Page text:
Many doctors and dermatologists have never met a PC patient and we are told it is so rare that many PC patients will never meet another patient with PC. I was lucky enough to meet 47 patients two years ago at a Symposium in Philadelphia held by the PC Project. There were 5 local PC patients from the Philly area. It was a weekend of discovery, lectures, pain studies and camaraderie which left me feeling very fortunate in my own situation. I saw many young children acting like children and trying to be normal but I also know the pain they are feeling. There are others in wheelchairs. That’s got to be a tough thing for the parents to handle. My parents never held me back and did not discourage me from trying anything. I will be forever grateful for my life was filled with baseball, basketball, football and amazingly, ice hockey. It wasn’t easy to do. Every step absolutely hurts. I always say I abused my feet because I pushed them to their absolute limits. I paid dearly for it on the days following my sports events as I limped about until they settled down. My parents let me set my own limits and I will never forget that. For at 59, I’ve had a full life. 

To get a sense of the reality of this disease I always say that in times of peril or danger we are at a severe disadvantage. I can run for about a block.  At that point my feet are burning so badly I can hardly stand. Growing up in Philadelphia presented many challenges. Neighborhoods weren’t always the best and sometimes you had to attend schools in really bad neighborhoods. That’s where the danger comes in. You realize that you are handicapped and very vulnerable. It is not a pretty picture and I don’t like to paint it but it comes with the territory. I cannot stress enough that we take a lot of things for granted. Things like protecting ourselves and keeping ourselves out of danger. With this disease you must always be aware of your surroundings. Of course these were part of the early years of my life. 

Overall I’ve been lucky in my life.  I was able to do far more things than either my sister or my dad were able to do. To this day my sister really struggles to get up and down steps. She really has to limit her walking and cannot stand for long periods of time. Like her, I have my limits. If I stand for over two hours I pay for that later in the evening as the pain will transfer to my knees while I sleep. That is the body’s way of telling you that you did too much. Having pain in your feet causes you to adjust your body to alleviate the pain. You don’t even realize that you’re doing it meanwhile that adjustment leads to problems in other areas like your knees or your hips. It’s similar to baseball players when they change their mechanics or try to compensate for some injury. It ends up screwing up something else.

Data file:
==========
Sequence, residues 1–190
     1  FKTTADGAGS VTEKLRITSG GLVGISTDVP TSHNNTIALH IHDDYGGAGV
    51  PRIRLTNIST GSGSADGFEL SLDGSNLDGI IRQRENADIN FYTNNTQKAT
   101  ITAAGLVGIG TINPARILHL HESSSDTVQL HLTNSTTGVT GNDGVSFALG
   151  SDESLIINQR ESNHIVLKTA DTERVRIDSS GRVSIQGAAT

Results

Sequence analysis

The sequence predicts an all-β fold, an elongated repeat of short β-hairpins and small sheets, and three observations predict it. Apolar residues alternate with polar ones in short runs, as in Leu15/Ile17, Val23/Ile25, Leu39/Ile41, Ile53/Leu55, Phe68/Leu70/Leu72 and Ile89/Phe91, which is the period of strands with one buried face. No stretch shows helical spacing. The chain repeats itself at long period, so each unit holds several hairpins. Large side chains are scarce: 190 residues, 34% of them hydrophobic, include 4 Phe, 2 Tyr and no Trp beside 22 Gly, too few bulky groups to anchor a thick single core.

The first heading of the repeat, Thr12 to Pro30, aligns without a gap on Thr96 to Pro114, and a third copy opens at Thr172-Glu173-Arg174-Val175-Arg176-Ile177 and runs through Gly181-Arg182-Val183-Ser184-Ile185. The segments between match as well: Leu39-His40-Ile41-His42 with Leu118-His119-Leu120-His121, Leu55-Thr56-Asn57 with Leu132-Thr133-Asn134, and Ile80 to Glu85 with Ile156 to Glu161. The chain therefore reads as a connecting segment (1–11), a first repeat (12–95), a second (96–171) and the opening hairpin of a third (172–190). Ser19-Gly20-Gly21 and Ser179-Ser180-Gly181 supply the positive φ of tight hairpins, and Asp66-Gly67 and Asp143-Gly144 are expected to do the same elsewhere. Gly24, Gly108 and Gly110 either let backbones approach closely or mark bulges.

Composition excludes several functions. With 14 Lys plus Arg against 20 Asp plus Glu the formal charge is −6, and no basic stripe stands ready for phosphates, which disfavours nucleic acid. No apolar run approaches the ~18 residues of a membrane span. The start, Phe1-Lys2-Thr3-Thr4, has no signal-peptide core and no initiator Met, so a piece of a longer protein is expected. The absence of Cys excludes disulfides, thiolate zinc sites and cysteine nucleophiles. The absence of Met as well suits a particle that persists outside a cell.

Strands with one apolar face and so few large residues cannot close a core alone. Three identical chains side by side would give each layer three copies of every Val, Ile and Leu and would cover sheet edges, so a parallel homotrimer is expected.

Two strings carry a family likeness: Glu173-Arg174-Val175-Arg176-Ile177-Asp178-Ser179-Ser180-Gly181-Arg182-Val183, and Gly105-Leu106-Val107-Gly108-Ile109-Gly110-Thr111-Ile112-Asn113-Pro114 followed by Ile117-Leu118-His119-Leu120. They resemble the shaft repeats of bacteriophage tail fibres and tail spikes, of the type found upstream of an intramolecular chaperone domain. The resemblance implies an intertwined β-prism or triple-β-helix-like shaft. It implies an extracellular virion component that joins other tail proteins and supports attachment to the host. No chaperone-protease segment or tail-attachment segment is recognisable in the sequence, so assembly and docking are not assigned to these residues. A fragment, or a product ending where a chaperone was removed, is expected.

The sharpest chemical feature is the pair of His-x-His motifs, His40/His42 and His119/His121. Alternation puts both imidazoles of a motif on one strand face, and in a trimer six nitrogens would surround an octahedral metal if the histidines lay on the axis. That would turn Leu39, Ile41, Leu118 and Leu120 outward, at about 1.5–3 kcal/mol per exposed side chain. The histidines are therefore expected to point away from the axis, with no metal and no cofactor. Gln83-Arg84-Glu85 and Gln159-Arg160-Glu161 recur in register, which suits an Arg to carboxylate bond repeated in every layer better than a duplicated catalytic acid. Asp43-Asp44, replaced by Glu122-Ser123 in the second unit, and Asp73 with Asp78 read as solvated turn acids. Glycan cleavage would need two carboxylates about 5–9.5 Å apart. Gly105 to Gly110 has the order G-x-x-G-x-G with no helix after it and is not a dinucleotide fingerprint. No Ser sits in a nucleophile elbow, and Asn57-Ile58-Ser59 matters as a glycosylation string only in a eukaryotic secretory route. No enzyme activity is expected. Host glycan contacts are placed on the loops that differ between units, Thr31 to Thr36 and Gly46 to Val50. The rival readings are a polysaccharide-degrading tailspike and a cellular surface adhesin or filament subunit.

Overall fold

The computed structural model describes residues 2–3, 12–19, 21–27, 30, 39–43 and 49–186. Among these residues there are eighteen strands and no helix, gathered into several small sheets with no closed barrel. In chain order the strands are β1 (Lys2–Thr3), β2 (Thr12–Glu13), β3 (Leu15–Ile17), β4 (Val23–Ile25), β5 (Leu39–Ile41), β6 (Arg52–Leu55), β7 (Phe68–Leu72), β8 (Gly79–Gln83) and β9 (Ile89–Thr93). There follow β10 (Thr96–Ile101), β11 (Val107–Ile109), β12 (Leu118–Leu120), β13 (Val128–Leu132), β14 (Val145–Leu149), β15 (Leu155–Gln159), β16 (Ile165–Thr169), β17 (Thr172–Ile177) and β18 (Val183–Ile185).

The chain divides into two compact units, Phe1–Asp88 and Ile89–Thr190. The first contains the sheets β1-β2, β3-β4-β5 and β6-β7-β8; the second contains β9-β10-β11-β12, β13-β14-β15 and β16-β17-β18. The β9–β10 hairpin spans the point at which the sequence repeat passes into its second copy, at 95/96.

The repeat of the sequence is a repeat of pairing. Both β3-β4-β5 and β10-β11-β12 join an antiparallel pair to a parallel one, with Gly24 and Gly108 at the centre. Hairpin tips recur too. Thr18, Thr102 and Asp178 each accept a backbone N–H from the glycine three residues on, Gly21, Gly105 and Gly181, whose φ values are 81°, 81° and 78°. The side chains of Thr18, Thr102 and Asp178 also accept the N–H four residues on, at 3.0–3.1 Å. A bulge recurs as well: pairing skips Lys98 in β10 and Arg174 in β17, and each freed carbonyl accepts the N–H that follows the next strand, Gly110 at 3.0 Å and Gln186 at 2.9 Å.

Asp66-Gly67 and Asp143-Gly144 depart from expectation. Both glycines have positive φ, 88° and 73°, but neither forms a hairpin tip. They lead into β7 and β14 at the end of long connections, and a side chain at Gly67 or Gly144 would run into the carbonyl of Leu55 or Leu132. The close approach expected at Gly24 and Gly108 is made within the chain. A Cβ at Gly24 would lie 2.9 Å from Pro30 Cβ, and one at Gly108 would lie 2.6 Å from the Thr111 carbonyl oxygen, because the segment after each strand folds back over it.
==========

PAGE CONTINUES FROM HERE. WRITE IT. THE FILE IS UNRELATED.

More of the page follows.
I can predict bad weather such as rain or snow. Sometimes this occurs two days in advance. What happens is your skin gets real taut. The nasty part is the normal skin adjacent to the callus gets real sensitive. You actually see a ring of red color form around the perimeter of the callus. This is the worst time as the callus tends to pull at the normal skin. My method to overcome this is to soak my feet before I put on shoes as this tends to soften the skin. Softening the skin can take up to twenty minutes so you have to account for that if this occurs before you go to work.

These are just some of the realities of this disease. This disease is confusing because you have good days and bad days. If you’re on a bus, sometimes you are expected to give up your seat for an elderly person. No one knows what your pain feels like when the bus stops because otherwise you look like a normal person. Your feet are covered by shoes so no one can tell anything is wrong. When I met the other PC patients I immediately recognized we all have a certain shuffle when we walk. That is everyone compensating for the pain they are feeling. Anyway, that is my story.  I hope that the PC Project will continue to attract doctors that are willing to research and look for ways to help those who have it. It is especially important for the future generation of patients.